The Medinah Temple has changed a lot over the years. The original balconies, sloping floor, chandelier and organ are gone (and those onion domes are not original – they’ve come and gone a couple of times). Today the Medinah Temple is the Bloomingdale’s Home Furnishing Store. Instead of being populated by fez-clad men and the occasional circus elephant, it’s full of bedding, crystal, and china. Reminders of the Shriners are everywhere though. The stained glass windows remain as does the domed ceiling and outline of a stage. The biggest change to the temple is less of what is found inside and more of what’s going on outside its doors. The temple now sits in the shadow of countless flashy condo towers. It seems doubtful that any of its new neighbors will ever develop half the story that the Medinah Temple is still writing.
Interested in learning more about the Shriners? Explore the Medinah Shriner’s website here. The building is currently owned by Friedman Properties, and they have some information on their adaptive re-use of the building on their website. The 2003 renovation of the Medinah Temple into Bloomingdales was designed by architects Dan Coffey and James Harb.
And last but not least, here is a comprehensive collection of historic photographs of the Medinah Temple.
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There is a mason’s tool depicted on the top of the Jacob Lawrence mosaic located in the Harold Washington Library. I took this symbol to mean that Mayor Washington was a free mason. If I am right, I am still left with a question about the meaning of the image of him walking up a road supported by a tree branch. Children on CAF tours often ask about that one.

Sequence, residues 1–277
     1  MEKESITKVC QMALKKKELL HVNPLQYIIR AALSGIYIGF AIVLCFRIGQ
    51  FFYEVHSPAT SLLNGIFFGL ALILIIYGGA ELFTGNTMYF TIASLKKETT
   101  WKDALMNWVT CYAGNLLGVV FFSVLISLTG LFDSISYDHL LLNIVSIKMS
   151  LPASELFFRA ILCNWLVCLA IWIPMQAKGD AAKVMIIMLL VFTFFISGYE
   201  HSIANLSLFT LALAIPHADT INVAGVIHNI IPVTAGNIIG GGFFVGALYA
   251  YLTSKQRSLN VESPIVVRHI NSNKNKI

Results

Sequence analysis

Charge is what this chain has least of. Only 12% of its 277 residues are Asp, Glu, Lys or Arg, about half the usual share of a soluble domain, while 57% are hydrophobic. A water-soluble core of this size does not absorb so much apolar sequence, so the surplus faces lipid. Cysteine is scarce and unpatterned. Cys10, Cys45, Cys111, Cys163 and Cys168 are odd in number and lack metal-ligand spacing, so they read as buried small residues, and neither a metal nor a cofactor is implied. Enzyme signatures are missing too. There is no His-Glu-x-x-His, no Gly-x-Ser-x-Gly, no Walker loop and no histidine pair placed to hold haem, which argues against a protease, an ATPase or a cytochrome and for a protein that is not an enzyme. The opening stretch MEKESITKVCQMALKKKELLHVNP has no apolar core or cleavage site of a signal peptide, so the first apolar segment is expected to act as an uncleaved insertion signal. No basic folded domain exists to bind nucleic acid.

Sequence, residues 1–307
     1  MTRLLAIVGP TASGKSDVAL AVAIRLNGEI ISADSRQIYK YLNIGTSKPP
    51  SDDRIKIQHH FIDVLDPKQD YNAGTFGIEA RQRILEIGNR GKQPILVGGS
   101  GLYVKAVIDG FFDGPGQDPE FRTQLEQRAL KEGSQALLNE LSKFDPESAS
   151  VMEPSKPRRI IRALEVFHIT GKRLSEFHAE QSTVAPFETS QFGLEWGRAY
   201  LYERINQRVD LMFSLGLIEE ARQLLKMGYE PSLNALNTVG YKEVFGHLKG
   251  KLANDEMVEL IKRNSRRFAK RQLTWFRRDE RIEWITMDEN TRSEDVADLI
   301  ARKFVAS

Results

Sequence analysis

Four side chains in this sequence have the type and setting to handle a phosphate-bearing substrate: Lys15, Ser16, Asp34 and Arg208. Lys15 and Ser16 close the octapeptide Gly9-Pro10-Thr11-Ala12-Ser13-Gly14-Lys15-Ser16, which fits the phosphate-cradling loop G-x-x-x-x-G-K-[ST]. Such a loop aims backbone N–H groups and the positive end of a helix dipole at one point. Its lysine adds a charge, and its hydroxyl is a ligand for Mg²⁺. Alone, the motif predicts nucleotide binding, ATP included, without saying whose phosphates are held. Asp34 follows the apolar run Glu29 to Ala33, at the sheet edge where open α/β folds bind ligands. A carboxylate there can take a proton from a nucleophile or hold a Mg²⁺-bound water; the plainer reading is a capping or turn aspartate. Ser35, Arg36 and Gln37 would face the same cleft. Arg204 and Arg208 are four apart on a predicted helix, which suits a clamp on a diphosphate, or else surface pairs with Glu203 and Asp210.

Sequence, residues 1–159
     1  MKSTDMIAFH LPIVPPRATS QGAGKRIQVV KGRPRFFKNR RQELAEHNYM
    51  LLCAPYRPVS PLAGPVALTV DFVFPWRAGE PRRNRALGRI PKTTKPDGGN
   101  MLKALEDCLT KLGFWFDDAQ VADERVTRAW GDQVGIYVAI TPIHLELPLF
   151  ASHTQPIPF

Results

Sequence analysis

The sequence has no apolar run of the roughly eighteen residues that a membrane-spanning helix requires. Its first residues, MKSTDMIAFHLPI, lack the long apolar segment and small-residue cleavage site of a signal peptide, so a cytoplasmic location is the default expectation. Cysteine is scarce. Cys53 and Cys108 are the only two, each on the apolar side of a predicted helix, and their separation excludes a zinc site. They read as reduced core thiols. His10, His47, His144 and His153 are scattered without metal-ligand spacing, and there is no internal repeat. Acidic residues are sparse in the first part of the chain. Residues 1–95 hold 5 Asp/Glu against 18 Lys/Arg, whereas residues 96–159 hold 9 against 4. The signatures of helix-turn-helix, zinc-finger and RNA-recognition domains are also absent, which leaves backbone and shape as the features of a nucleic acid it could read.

Anyway, thanks again for the fine information!
Those are some interesting observations, and I am entirely unsure of what those symbols are telling us about Mayor Washington or Jacob Lawrence. But I think you’re likely on the right track . . .
Yay! So glad to know more about this interesting building. Thanks, CNS!
Thank you for this post. I’ve always wondered what the Bloomington’s building originally was then always forgot to look it up when I get home. Now I know. You’re right: those cold, glass condos have nothing on the Medinah Temple.
I’ve been enjoying your site for months, but this entry really excited me. My family has been involved in Masonic organizations since before I was born, I was in a Masonic youth group and we are still active. When I first moved here, my friend told me about this building and I’ve driven by it but haven’t yet been inside. I always love to see Masonic buildings (I had to take a photo of the ones I saw in Japan and The Bahamas when I was a teacher) but this one is so beautiful on the outside, I can’t wait to one day see it from the inside. The Bloomingdales salespeople might be disappointed, though.
The bland white paint of Bloomingdales’s repainting of the dome area is nothing close to the original gold leaf painting of the original building. That said, though, it is truly a gift to the future that this magnificent building was not a victim of the wrecking ball and instead recycled into a retail application. I often wonder what became of the 2,300 seating basement area used for banquets when I was a child in the 60’s.
very impressive and comforting, such goodness will bring all the blessings we all need.
So who designed the windows — they are similar to the Tiffany designs throughout south side homes